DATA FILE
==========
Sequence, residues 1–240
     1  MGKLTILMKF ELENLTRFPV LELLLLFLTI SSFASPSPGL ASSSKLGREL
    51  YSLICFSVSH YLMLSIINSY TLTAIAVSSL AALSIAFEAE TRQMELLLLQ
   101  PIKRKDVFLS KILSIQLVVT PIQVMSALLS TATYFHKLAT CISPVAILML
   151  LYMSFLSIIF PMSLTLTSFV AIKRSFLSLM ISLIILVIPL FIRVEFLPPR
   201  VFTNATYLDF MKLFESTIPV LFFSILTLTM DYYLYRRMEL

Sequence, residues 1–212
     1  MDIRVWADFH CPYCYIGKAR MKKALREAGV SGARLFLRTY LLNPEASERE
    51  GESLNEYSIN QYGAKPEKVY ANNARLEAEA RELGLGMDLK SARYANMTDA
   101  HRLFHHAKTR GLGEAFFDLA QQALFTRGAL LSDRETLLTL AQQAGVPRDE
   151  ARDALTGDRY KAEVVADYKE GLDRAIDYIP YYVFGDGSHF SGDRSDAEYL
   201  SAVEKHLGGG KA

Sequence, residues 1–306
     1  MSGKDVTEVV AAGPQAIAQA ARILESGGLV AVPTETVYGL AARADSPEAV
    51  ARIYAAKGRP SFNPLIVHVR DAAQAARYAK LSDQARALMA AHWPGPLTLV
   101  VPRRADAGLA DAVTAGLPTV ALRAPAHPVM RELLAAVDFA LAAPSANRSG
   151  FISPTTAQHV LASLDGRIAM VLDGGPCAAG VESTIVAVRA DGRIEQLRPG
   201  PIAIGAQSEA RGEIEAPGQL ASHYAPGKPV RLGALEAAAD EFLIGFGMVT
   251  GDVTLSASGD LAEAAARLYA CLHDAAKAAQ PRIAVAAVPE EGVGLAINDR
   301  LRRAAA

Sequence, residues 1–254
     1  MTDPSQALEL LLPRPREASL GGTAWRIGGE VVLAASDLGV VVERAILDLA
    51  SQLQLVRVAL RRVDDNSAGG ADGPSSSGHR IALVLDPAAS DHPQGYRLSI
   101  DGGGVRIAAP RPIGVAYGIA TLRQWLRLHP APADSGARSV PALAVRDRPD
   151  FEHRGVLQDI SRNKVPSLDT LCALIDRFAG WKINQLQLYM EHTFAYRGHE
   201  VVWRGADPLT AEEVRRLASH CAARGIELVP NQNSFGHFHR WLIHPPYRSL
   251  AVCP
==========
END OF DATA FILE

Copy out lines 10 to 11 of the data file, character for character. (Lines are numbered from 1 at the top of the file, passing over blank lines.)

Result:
   101  HRLFHHAKTR GLGEAFFDLA QQALFTRGAL LSDRETLLTL AQQAGVPRDE
   151  ARDALTGDRY KAEVVADYKE GLDRAIDYIP YYVFGDGSHF SGDRSDAEYL